After leaving the United States Disciplinary Barracks in Fort Leavenworth, Kan., Manning said in a statement, “After another anxious four months of waiting, the day has finally arrived. I am looking forward to so much! Whatever is ahead of me is far more important than the past. I’m figuring things out right now—which is exciting, awkward, fun, and all new for me.”
She also tweeted a photo celebrating her “first steps of freedom.”
— Chelsea Manning (@xychelsea) May 17, 2017
Manning was known as Bradley Manning when she was sentenced to 35 years in prison in 2013. One day after sentencing, she came out as a transgender woman, but still had to serve her sentence at the all-male army prison. She made two suicide attempts in 2016.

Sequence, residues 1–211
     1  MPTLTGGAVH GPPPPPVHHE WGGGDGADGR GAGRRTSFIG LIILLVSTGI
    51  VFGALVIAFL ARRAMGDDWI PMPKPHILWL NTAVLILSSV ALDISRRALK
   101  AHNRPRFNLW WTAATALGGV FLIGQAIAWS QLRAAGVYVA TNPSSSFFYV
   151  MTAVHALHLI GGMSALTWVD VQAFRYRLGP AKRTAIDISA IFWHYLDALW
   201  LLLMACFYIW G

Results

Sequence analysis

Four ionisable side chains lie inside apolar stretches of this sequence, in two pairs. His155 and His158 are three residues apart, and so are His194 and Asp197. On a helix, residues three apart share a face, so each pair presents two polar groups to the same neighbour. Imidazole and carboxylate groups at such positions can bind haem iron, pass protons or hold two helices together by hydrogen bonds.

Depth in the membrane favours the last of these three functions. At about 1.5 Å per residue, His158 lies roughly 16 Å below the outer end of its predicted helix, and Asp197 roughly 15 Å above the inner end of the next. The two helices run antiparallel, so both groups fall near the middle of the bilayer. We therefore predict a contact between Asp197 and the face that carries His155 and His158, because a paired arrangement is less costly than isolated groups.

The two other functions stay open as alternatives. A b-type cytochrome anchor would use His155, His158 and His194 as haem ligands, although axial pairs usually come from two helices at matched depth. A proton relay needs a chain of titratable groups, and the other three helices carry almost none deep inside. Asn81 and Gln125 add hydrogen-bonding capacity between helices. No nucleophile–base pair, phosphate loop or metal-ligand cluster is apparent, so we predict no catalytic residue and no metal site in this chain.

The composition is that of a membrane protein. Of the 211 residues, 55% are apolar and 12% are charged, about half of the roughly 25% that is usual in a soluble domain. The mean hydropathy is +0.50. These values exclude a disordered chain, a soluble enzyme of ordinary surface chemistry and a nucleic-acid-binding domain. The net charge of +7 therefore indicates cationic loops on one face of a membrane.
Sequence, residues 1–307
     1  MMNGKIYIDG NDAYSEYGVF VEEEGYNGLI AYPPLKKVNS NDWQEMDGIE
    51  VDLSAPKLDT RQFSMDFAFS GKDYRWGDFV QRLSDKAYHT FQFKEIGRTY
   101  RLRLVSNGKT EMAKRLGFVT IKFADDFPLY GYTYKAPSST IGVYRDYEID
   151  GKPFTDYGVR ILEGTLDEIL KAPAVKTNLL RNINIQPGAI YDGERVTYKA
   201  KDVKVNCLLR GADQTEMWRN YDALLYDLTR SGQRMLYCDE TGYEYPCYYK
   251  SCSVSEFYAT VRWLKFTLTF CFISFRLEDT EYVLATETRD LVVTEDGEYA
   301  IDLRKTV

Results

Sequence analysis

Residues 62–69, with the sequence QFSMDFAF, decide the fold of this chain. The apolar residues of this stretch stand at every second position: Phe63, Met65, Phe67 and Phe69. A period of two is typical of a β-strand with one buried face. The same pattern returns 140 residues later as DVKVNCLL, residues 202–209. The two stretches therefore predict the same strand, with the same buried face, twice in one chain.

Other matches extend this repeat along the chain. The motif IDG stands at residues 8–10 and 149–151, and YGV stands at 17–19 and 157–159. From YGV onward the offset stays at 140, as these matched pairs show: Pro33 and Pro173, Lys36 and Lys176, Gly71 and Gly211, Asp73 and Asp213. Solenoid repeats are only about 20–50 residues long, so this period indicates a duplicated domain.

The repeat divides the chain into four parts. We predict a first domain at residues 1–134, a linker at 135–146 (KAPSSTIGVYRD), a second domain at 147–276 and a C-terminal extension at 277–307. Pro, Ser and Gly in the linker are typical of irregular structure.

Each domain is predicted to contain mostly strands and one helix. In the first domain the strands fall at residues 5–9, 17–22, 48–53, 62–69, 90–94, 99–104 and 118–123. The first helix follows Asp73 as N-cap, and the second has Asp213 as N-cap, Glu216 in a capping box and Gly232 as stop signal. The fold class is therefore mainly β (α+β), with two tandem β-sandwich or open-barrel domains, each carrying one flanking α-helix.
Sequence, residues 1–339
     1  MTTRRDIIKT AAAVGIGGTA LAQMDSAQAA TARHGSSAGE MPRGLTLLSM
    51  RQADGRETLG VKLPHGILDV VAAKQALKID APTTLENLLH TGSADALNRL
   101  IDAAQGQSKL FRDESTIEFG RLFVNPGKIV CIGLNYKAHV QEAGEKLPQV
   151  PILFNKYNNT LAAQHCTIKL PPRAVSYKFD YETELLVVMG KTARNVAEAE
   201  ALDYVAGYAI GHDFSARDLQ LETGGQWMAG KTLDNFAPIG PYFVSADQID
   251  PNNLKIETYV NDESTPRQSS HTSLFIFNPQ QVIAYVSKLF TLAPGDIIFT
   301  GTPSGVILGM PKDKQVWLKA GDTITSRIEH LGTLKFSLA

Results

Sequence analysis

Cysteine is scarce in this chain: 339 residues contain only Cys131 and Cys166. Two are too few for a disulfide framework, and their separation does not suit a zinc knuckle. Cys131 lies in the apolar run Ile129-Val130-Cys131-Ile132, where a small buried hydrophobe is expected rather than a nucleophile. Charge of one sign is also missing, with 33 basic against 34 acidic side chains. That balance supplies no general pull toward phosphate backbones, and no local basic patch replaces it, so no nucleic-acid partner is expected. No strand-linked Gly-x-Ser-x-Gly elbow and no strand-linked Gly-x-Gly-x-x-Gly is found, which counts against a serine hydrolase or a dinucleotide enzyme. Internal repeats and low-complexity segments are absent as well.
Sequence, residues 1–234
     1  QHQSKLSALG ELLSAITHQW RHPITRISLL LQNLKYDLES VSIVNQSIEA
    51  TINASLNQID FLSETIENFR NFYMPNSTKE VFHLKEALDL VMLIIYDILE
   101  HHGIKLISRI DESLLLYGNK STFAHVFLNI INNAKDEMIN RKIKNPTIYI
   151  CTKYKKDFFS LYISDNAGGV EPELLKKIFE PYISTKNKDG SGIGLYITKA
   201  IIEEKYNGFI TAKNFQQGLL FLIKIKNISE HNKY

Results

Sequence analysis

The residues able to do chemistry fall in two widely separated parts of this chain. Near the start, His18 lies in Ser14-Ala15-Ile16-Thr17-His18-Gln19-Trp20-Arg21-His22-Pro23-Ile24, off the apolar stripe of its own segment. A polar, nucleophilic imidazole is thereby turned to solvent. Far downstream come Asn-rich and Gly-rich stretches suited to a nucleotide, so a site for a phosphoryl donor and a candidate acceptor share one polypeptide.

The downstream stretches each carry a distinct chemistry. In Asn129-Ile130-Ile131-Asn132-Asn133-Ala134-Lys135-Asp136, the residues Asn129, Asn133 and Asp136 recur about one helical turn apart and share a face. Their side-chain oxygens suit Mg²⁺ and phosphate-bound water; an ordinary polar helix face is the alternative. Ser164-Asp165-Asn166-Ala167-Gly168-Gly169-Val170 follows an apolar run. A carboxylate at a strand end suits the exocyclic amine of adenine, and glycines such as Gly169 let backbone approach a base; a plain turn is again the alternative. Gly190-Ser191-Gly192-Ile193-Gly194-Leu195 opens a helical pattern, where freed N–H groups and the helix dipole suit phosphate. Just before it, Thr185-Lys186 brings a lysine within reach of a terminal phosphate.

Days before he left office in January, Obama commuted most of Manning’s sentence, leaving her with just four months left to serve. He set off some minor controversy with the move, but dismissed “the notion that the average person who was thinking about disclosing vital classified information would think that it goes unpunished,” saying Manning “has served a tough sentence.”
A GoFundMe page set up for Manning’s return to civilian life has raised over $150,000. In a statement issued in anticipation of her release, Manning said, “For the first time, I can see a future for myself as Chelsea.”